Each time I try to use iMovie my mental model for how an app should work is challenged: What *are* you, Sir? Be you a desktop app? Or be you an iOS app? Or be you some unholy hybrid, neither here nor there, using neither standard nor guessable UX patterns or keyboard shortcuts?
Where as using Keynote makes me feel like some perfect freestyle swimmer, able to glide effortlessly forward, running against few walls, expected functionality where I expect it, working as I anticipate it to work.
Let’s play: How do you save a movie in iMovie?
File … > Save? Nope. Doesn’t exist.
File … must be … > EXPORT? Nada.
OK … File … > Share?? … > File… ?
File > Share > File is how you get a movie out of iMovie onto your drive?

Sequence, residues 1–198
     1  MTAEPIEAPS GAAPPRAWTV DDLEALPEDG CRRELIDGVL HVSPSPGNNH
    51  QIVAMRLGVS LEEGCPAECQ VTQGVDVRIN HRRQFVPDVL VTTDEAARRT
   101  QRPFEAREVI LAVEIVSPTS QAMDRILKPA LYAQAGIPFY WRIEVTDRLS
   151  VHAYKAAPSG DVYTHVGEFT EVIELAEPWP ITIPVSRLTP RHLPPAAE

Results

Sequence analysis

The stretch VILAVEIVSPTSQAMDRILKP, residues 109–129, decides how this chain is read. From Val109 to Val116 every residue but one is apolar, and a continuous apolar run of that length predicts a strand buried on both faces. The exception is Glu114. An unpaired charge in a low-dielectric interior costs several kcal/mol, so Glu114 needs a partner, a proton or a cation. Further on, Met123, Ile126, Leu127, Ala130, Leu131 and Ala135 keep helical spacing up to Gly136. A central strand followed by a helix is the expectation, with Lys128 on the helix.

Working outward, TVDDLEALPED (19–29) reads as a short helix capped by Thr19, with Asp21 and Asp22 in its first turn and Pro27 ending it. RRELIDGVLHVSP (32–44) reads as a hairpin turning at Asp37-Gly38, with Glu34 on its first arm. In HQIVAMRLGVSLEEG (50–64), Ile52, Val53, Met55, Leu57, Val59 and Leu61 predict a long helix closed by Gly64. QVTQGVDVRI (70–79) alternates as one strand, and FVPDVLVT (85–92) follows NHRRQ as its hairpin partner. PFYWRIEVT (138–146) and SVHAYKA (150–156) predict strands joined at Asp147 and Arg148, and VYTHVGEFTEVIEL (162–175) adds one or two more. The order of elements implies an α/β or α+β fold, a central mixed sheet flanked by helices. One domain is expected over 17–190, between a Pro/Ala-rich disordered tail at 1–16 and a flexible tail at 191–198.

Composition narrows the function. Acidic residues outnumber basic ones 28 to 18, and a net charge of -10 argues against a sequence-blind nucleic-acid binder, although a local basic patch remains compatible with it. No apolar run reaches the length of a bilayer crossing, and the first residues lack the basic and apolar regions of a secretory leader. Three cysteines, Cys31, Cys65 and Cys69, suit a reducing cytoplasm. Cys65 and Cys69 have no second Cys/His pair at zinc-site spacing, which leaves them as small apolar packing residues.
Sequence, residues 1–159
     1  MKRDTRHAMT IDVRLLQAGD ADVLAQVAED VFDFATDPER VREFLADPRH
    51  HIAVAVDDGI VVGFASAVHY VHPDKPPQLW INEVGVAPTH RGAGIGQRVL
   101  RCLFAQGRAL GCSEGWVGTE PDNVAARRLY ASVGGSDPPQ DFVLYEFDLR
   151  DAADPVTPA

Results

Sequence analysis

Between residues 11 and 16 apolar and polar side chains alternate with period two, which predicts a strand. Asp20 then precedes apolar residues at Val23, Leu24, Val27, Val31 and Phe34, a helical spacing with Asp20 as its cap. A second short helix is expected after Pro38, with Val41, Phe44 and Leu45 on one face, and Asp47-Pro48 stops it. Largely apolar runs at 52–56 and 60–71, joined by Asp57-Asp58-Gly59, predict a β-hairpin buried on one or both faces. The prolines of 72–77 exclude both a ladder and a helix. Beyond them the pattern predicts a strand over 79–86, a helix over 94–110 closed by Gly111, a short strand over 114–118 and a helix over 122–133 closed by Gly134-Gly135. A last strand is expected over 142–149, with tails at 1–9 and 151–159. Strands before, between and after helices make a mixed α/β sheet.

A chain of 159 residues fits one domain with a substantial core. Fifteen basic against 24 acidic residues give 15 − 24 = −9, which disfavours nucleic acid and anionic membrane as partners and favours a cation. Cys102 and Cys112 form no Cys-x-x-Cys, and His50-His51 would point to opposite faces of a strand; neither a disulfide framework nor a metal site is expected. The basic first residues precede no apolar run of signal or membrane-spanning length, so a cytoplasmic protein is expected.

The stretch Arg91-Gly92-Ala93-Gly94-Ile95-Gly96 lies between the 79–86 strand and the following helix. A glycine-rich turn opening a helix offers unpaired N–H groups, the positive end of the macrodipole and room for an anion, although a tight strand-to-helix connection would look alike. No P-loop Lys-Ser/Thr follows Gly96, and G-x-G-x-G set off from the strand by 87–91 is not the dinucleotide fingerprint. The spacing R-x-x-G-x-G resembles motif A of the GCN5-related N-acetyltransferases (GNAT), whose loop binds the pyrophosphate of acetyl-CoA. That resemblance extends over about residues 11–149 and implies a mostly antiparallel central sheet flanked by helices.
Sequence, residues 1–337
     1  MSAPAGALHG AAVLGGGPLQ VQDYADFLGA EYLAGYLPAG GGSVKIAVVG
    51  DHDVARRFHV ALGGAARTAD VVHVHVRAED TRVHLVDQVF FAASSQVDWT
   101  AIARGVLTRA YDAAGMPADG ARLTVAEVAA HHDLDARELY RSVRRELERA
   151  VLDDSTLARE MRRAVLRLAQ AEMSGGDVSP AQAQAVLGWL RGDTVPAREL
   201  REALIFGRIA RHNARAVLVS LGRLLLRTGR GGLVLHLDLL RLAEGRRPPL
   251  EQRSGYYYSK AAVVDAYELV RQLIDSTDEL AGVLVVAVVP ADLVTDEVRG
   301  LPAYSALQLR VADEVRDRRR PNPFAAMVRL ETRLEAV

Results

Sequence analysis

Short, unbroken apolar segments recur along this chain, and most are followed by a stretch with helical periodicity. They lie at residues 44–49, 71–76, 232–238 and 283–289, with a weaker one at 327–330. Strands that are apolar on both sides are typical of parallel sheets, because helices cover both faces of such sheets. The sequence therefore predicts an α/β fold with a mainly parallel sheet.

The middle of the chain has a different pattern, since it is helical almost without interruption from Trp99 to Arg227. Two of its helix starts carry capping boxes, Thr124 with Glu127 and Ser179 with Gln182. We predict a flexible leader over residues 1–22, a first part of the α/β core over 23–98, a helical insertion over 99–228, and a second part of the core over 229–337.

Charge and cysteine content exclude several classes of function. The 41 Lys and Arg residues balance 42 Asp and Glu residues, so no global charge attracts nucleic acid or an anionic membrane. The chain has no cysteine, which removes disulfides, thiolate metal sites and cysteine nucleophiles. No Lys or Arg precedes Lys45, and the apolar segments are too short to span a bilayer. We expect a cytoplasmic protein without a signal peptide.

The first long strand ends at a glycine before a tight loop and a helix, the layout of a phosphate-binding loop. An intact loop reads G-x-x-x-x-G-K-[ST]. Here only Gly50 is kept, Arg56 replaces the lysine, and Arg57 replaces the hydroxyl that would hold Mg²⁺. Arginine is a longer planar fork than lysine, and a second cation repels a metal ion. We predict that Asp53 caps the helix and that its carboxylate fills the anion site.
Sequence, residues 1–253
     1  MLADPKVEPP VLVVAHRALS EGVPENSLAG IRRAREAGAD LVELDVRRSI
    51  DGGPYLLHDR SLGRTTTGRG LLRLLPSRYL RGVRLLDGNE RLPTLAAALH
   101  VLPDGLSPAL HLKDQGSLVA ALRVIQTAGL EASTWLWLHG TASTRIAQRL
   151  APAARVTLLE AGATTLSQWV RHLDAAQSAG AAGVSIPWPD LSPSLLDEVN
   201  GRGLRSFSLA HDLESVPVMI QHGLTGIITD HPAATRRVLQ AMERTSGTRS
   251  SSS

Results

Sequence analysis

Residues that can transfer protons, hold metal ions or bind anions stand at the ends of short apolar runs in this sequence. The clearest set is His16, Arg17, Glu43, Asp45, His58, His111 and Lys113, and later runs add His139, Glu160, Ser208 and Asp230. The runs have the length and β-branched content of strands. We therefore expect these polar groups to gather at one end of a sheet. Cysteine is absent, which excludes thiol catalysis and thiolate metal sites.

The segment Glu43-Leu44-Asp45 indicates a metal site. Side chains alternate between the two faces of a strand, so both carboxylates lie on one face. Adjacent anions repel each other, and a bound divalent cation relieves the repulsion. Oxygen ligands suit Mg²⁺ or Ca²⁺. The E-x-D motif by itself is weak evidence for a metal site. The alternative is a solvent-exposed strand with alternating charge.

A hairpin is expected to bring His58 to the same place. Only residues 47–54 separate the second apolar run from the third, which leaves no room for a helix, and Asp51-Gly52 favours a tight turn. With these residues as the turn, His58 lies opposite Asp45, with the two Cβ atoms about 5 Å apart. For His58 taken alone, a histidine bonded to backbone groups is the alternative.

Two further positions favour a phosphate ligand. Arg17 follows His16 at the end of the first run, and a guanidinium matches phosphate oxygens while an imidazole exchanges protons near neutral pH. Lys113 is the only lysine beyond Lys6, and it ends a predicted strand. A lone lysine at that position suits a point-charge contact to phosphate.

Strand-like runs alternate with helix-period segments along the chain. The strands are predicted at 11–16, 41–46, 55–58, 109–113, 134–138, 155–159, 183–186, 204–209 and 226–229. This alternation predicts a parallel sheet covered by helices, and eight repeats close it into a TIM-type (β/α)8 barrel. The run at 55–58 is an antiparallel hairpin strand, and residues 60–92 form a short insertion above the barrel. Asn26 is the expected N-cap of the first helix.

*places laptop in toilet*
I mean, I get the impulse to create parity between iOS and macOS … sort of. But, who is this helping? The iOS folks are going to open the app on iOS, and the folks on macOS are going to expect standard macOS patterns.
Craig makes excellent points about how some apps changed over time depending on how closely linked to iOS they became. Keynote continues to behave the way it did in the early 2000s when I was making fancy HCI presentations with three dimensional slide transitions.